Oct 18 2011

Guide - Using the Native Video and Picture Library

Using the Native Video and Picture Library

Recently we created a guide on how to use the Movie Library within Microsoft Windows 7 Media Center (“7MC”). Today we are going to look at adding files to the native Video and Pictures Library. This guide will cover:

1. How to add files to the library

2. What types of files can be added to each library

Adding Files to the Library

In order to add videos and pictures to the library, you will need to tell Windows 7 Media Center which folders it should “watch” for new files. First, on the home screen, navigate to the “Settings” menu.


Once in the settings menu, navigate to the “Media Libraries” option. This launches the media library wizard. From here, you can add folders for all five libraries that 7MC uses: Music, Pictures, Videos, Recorded TV, and Movies. The process to add and remove folders to each library is identical; today we are looking at pictures and videos, so select which file you would like to add and press next.

 Media Library Page 1

Depending on whether you already have folders added to the library you will either have the option to both add and remove folders; or, if this is your first time, you will only have the option to add folders to the library.

No folders Present

No Folders Present 

Folders Present

Aug 18 2011

Guide - Using the Native 7MC Movie Library

 While there are certainly a number of options when it comes to movie management within Microsoft Windows 7 Media Center (7MC) such as My Movies, Media Browser, etc., one of the simplest is the included native movie library. This guide will cover the following:
  1. What types of files can be added to the library
  2. How to add files to the library.
  3. Ways to get metadata for your movies.
What types of files can be added
Out of the box, the 7MC Movie Library will display the default file types that it can play. (Link to microsoft article about default file types) In addition to the files on the this list, the movie library will also display movies that are ripped from DVDs and stored in video_ts and audio_ts folders. In order to have other file types displayed (such as MKV and .iso) which are not natively supported by 7MC, you will need to enable this file type via a “hack” or workaround. For example, with .mkv files this type is enabled when a splitter such as Haali media splitter is installed. Head to the forums if you are having issues with a specific file type being displayed in Media Center. Below is a list of common formats and their native (out of the box) support within 7MC.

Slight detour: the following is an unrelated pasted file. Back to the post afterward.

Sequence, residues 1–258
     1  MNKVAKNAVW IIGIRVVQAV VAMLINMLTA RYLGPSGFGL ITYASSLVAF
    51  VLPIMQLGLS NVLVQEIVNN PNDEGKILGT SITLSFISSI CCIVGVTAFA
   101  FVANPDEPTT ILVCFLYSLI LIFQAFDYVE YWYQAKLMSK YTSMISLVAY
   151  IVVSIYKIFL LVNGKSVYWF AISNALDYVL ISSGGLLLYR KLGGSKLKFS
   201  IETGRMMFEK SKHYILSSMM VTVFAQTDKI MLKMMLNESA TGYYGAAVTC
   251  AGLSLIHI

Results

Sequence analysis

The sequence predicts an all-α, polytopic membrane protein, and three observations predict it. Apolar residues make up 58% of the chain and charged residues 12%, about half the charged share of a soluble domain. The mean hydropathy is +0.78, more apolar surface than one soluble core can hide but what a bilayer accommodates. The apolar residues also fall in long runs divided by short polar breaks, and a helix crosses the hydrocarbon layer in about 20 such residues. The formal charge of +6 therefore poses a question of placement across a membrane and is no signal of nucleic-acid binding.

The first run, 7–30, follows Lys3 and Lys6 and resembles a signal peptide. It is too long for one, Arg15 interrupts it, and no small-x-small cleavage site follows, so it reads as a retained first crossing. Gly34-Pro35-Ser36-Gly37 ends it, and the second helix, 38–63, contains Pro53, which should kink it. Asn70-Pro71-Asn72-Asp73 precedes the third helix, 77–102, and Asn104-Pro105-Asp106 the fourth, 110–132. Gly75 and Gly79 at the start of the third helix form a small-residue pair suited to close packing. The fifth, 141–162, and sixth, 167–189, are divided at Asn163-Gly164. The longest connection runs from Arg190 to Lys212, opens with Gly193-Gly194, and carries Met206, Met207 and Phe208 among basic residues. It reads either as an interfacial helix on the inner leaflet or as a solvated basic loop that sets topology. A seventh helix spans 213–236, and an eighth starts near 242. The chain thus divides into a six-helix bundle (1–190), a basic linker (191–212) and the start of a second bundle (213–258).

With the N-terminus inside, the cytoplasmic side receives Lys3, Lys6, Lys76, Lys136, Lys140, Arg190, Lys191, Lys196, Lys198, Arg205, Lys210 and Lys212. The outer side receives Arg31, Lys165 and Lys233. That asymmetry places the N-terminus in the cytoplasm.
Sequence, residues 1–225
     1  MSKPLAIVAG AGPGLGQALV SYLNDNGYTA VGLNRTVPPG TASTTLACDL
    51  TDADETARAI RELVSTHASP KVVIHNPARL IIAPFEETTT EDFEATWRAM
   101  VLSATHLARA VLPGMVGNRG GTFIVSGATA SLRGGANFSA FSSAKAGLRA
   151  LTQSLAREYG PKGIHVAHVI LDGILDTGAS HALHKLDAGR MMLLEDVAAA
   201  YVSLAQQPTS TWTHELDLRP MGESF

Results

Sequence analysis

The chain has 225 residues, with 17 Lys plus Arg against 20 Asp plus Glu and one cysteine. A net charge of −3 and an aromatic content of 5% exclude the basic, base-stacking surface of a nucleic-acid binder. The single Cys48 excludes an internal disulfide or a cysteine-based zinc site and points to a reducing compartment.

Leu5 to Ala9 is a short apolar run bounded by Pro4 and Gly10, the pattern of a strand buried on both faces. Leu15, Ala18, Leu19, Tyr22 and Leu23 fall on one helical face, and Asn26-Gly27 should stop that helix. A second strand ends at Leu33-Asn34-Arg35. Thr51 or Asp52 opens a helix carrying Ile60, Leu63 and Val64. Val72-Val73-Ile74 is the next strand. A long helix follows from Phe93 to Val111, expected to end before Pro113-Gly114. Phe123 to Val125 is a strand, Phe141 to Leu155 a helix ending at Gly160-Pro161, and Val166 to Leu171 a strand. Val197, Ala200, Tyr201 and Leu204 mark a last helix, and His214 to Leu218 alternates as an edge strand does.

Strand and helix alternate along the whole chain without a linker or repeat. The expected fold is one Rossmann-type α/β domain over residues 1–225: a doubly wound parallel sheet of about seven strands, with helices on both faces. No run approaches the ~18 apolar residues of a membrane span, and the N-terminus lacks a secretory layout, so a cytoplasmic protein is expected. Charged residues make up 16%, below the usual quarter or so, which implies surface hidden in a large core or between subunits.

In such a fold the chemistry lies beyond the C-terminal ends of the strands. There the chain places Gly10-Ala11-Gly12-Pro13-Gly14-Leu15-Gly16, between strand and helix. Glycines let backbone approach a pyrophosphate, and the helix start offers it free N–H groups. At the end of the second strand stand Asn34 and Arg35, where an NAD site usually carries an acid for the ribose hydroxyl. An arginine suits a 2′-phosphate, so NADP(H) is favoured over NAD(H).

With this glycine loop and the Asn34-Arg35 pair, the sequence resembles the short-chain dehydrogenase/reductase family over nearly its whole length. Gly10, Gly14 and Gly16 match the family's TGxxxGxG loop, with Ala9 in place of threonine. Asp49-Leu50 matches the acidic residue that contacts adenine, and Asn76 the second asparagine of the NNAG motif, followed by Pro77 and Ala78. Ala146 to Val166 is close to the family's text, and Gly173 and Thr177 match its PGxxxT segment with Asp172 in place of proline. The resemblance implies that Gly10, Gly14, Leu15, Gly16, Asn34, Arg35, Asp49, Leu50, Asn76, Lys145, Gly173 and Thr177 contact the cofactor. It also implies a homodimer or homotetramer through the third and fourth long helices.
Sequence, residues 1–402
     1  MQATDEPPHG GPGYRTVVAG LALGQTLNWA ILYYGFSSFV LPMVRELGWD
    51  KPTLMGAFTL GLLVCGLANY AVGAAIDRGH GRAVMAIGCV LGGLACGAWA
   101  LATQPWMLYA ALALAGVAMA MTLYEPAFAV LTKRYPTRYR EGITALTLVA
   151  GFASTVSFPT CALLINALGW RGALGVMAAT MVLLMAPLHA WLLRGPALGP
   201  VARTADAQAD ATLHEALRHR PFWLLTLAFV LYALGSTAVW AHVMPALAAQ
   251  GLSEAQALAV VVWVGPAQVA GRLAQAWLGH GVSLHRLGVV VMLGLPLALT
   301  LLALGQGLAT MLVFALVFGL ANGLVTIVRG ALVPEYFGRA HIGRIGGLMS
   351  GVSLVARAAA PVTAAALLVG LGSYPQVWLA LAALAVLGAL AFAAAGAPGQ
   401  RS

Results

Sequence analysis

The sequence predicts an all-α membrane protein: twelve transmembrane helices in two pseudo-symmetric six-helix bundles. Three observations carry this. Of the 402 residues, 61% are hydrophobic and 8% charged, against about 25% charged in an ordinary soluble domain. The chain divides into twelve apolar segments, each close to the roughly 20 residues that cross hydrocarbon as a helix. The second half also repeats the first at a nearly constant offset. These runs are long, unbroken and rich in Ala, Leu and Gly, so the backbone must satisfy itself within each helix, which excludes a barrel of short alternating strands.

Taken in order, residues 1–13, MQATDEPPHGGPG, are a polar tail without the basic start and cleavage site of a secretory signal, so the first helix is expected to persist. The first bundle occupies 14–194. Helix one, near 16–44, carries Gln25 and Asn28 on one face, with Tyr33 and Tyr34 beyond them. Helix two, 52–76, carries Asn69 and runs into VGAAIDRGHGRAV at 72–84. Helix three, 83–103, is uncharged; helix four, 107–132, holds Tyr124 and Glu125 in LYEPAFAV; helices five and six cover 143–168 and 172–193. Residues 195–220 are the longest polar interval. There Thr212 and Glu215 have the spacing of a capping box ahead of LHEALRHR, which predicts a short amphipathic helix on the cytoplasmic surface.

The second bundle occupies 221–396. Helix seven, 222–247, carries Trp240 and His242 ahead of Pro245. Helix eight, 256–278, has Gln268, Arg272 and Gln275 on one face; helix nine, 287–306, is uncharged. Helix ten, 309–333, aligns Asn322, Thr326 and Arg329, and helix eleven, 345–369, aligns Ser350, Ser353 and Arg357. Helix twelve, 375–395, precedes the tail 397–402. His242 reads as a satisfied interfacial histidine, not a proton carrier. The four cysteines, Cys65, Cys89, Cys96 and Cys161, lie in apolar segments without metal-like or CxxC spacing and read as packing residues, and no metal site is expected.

Feb 23 2011

Guide - Override Digital Cable Advisor in Windows Media Center 7

* * * Disclaimer * * *

I do NOT recommend using the DCA override other than the circumstances listed below.

The following files and instructions are provided to you at your OWN RISK!! Understand that it is circumventing a quality assurance test. That being said, if you do have a problem, we have a fantastic community here to help you

Before we begin, this guide assumes you know what the Digital Cable Advisor (DCA) is and have it installed already. If you do not, please refer to MCE: Digital Cable Advisor Tool Available Now before continuing.

OverrideDigitalCableAdvisor does not remove the need to have DCA installed. What it does is tell DCA to skip the tests and consider it a PASS. I do NOT recommend using OverrideDigitalCableAdvisor to get around under powered hardware. I am providing OverrideDigitalCableAdvisor for two basic scenarios (though there may be more) that I believe the DCA fails to take into account.

  1. Virtual Media Center

    I've had a virtual Windows Media Center running under Hyper-V for several years (since Vista SP1) that has acted as my primary recording HTPC.  I did this for several reasons: 1- To reduce energy consumption.  At the time my primary HTPC was left on 24\7 to ensure it was always available for Media Center Extenders.  Virtualizing it allowed me to change my power policy on the HTPC to be in standby most of the time; 2- I setup two virtual HTPCs. One dedicated to recording and another for my Media Center Extenders (MCX) to allow me to test various MCX work-arounds without potentially lowering the stability of my recordings.

    This worked great for years with my Silicon Dust HDHomeRun (x3)...until Comcast made ClearQAM next to worthless in Houston.

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